4 Lighting Effects to Try: A Professional Portrait Photographer Shares his Light Staging Tips
While a lot can be done in post-processing, many photographers use studio lighting tricks while shooting to create some fantastic effects. Knowing how to correctly stage lights, and how to use colorful gels effectively can help in achieving creative results.
We enlisted the help of Felix Barjou, a professional portrait and advertising photographer based in France, to give us his tips on lighting and color. See how to get his results below and don't forget to check out his amazing light and color setup at the end.
1. Combine Amber and Blue Gels To Get This Mystique Effect
For this shot, Felix used 2 strobes. The first one was used to create this blue tone effect. With a cyan gel, place the strobe light to the right of your camera with a standard reflector (which is used for hard light and to better saturate the color of the gel). The second strobe was placed above the model's head to create the warm light on the models hair and chest. Use an amber gel and a standard reflector.
Felix's camera settings:
Sony a7RII with 90mm f2.8
Check out the lighting setup guide below to try this effect:
2. Highlight Just the Eyes For a Dramatic Effect
Sometimes you just want a little more drama in a shot and this dramatic lighting tip will help you do just that. This effect is achieved by mixing a strobe with continuous light. The strobe light uses a gobo projector with a stripe gobo to create the dramatic light that's focused only on the eyes. The second light source is a video-projector with a galaxy image projected towards the model. Both light sources are placed directly behind the camera.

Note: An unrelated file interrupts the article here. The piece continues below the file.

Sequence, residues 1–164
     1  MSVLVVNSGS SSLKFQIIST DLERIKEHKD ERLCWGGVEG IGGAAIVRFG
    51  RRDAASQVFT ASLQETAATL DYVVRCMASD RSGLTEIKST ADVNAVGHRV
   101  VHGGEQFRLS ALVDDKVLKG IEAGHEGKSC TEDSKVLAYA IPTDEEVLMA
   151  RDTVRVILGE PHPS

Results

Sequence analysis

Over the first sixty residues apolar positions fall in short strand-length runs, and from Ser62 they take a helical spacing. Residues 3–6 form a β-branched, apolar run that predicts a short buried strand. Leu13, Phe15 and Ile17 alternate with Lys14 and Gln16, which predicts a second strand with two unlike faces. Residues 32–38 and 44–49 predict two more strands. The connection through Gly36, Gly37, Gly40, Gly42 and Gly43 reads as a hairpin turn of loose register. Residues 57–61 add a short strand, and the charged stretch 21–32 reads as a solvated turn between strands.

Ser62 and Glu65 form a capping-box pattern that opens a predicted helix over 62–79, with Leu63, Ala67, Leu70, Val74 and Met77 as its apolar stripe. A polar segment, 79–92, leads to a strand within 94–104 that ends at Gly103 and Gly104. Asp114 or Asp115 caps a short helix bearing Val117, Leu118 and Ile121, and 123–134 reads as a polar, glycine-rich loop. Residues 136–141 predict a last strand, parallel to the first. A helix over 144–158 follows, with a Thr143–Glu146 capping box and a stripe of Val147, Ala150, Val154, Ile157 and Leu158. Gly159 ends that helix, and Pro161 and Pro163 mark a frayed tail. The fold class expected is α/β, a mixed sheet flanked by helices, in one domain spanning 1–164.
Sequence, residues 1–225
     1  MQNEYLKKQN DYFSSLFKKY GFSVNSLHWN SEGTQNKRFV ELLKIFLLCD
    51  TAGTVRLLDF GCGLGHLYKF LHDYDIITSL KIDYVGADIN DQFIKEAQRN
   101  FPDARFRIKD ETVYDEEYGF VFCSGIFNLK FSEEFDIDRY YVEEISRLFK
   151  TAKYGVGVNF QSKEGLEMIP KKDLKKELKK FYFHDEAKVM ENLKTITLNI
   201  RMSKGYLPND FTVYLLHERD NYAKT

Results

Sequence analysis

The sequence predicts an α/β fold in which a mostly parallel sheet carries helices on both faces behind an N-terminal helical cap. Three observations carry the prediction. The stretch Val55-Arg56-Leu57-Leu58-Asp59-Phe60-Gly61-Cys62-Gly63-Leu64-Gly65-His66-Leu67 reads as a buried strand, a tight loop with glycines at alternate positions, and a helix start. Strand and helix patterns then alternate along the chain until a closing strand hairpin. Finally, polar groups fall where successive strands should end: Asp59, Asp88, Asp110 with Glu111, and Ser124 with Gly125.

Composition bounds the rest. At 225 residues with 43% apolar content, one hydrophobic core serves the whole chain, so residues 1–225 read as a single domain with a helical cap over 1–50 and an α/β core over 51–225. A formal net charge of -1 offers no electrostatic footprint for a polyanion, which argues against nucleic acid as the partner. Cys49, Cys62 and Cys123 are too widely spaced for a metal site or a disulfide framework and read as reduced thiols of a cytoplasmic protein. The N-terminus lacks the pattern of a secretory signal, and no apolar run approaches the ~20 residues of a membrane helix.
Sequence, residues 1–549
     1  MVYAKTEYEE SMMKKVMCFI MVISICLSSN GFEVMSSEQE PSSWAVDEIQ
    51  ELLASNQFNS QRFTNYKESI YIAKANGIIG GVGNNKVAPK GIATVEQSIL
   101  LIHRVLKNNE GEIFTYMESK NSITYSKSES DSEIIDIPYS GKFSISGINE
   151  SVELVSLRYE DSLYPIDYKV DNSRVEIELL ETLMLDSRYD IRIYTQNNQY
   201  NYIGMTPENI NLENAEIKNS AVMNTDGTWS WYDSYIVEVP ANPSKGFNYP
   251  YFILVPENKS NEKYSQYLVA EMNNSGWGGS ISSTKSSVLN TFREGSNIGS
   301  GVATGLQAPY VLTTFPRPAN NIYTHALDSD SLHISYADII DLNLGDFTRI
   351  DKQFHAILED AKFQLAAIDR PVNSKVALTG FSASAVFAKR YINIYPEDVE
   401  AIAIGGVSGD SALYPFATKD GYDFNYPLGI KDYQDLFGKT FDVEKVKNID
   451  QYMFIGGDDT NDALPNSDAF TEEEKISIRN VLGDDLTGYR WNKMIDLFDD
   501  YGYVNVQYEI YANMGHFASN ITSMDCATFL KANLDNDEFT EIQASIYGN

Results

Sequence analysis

SonyA7RII with 90mm f2.8
3. Get This Glow Effect That Appears to Originate From a Single Light Source
This next effect requires some staging and lighting setup, and some post-processing work to get a shot where the colored light appears to be originating from a single light source, in this case, the apple.
First, you'll need 2 strobes for this effect. Place one of the strobes behind you, pointing away from the model, with a cyan gel to bounce into a white wall and diffuse light everywhere. With your other strobe, use a gobo adaptor and a round gobo to create a super small halo of light with a red gel pointing directly towards the model. Here is the setup:
Here is the process:
And finally, here are Felix's camera settings:
Sony A7RII with 90mm f2.8
4. Sometimes You Have to Leave the Studio to Get a Shot, But Never Leave Your Strobe And Gels Behind
To capture this shot of a model submerged in water, Felix did something a little unconventional. Instead of shooting in his studio, he shot in his bathroom! It was a little difficult to setup in a tight space, but here is how you can get this look:
This effect requires 2 strobes, one with a cyan gel and one with an amber gel. Both of the strobes are placed to bounce into white walls for better diffusion. The bath was filled with water and black paint (water-based paint of course). Felix even added fish in the picture for a funny little detail.
Sony a7RII with 50mm f1.8
Editing for a light and color workflow
For editing in Photoshop, Felix uses Palette Gear to speed up his workflow. The modular controller allows you to personalize the functions to fit your unique workflow. By creating multiple profiles, you can map the majority of functions you're using 80% of the time. Here is one of the profiles that Felix has setup:
Unlike a keyboard, Palette Gear allows you to set sensitivity and range for added precision. Plus, with your most used functions at your fingertips, you'll see a significant increase in speed and efficiency with less strain on your wrist.
Of course, the perfect workflow for light and color would not be complete without a workstation to match and inspire your creativity. Felix's setup is exactly what you'd expect from a portrait photographer who is also a light and color addict.
Watch Felix's speed edit for retouching below:
About Felix Barjou
Felix is a 29-year-old French photographer who grew up in the world of advertising with graphic designer parents. He started photography in 2008 with simple portraits and immediately discovered his style and process. He is passionate about light, image editing and staging, and he creates portraits and creations with a personal touch.
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